For static or semi-static scenes, there are many ways to "simulate" certain features actually not feasible on single photo using the technology the photographer has. For example,

  • wider field of view by taking multiple shots in adjacent directions and stitching them into a panorama;
  • deeper DOF by focus stacking;
  • lower ISO by averaging multiple frames;
  • higher dynamic range by merging differently exposed frames into a HDR image.

This makes me wonder, is there any way to use multiple exposures for creating shallower DOF at a given field of view, normally achievable with a faster lens or a bigger sensor. How to do that?

I know it's kind of stupid to start out with a hammer and then invent how to carry water with it... but I stil wonder.

  • 2
    \$\begingroup\$ I think this is actually What is Bokeh panorama (AKA Brenizer method)?, but I have no idea how you'd find that if you didn't know the answer already. \$\endgroup\$
    – mattdm
    Commented Jun 22, 2011 at 17:57
  • 1
    \$\begingroup\$ yeah my first thought was this is a duplicate, but people searching for the answer to this exact question wouldn't find it otherwise! \$\endgroup\$
    – Matt Grum
    Commented Jun 22, 2011 at 18:01

1 Answer 1


Yes indeed, in fact your first bullet point does that. By stitching a panorama you are simulating a larger sensor.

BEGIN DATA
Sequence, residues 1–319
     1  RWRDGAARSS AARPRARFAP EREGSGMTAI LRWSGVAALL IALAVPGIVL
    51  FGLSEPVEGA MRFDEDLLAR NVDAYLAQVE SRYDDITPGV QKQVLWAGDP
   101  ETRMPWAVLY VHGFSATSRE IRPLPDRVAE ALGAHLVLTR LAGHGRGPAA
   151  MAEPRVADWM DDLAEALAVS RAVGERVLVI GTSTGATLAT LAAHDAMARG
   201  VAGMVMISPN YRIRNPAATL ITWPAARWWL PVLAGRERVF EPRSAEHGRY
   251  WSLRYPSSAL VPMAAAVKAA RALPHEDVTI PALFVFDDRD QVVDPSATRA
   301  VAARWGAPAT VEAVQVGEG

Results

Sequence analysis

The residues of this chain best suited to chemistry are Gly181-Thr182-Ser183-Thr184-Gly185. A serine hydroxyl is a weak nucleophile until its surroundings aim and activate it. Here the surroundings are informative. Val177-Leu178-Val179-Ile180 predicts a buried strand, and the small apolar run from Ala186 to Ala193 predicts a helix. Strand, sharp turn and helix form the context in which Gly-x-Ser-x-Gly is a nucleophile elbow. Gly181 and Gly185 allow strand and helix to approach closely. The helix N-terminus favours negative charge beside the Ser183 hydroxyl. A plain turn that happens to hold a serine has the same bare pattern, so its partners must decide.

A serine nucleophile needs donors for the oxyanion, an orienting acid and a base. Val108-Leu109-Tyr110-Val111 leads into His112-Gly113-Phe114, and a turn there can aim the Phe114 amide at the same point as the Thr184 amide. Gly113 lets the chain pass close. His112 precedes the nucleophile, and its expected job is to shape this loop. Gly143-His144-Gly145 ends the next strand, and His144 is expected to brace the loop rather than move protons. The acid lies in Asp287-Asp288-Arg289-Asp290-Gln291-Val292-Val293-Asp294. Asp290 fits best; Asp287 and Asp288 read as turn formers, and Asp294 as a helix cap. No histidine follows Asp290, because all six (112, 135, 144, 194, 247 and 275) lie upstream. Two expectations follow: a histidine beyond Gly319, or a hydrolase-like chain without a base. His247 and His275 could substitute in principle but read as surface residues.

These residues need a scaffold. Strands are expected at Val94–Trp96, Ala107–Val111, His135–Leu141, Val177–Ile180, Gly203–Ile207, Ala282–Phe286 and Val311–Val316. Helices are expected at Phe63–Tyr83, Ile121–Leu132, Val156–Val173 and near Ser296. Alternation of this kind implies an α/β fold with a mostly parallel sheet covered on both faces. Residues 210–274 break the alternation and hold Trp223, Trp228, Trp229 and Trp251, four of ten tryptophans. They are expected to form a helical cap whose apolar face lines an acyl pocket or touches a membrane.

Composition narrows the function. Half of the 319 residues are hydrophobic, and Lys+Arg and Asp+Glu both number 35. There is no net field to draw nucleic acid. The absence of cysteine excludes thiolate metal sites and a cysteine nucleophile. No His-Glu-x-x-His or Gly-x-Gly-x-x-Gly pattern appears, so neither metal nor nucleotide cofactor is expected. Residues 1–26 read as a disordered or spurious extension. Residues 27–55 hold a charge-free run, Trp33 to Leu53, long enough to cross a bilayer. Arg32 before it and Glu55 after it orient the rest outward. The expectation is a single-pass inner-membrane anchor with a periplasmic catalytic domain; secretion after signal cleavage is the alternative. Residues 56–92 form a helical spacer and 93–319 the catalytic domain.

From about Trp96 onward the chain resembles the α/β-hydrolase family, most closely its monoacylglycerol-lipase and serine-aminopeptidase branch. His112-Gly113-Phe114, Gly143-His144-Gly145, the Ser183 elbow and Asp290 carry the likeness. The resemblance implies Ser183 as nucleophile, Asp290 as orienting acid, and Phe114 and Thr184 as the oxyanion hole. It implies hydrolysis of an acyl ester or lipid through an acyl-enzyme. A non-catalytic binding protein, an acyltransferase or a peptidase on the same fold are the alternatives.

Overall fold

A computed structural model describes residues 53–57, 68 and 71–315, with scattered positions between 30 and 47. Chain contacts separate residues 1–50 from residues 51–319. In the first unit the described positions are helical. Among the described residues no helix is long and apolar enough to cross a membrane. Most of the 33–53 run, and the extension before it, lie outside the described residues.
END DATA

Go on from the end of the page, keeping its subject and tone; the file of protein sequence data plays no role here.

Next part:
The effect works best when you use a telephoto lens and create a multi-row panorama with approximately the same aspect ratio as a regular photograph. This is sometimes referred to as the Brenizer method (after the person who popularised the technique) or a "Bokeh Panorama".

To convince yourself this works, thing of the last time you saw a telephoto shot (say 200mm) with a sharp background? Never (unless the BG was within the DOF, unlikely unless you shoot 1/128). By stitching several telephoto shots together you get the field of view of a wide lens, but a blurred background in every shot, hey presto shallow depth of field! Stan gives a very good more detailed description of the technique in the answer to this question:

What is "bokeh panorama" (also called the "Brenizer method")?

The opposite also works, if you want to simulate the deep depth of field of a small sensor camera use a very wide angle lens (like a 10mm) and crop a tiny bit out from the centre of the frame and you'll get the equivalent of a slight telephoto on a crop body (albeit at a much lower resolution).


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